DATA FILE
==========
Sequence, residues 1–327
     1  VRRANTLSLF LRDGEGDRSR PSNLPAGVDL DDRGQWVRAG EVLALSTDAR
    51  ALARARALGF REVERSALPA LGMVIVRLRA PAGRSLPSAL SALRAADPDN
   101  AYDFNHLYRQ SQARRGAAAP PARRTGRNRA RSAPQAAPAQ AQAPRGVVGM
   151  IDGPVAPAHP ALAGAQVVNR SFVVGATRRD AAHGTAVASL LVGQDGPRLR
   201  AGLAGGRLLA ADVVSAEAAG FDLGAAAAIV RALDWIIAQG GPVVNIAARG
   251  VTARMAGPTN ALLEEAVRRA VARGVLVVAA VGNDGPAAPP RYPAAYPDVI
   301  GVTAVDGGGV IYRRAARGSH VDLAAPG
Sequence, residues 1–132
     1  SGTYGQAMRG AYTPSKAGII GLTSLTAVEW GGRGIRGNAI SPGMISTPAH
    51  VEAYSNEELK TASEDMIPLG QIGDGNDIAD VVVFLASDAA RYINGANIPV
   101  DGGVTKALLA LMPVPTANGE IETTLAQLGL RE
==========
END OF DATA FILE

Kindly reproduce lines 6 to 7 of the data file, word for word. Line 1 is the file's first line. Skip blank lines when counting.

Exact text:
   201  AGLAGGRLLA ADVVSAEAAG FDLGAAAAIV RALDWIIAQG GPVVNIAARG
   251  VTARMAGPTN ALLEEAVRRA VARGVLVVAA VGNDGPAAPP RYPAAYPDVI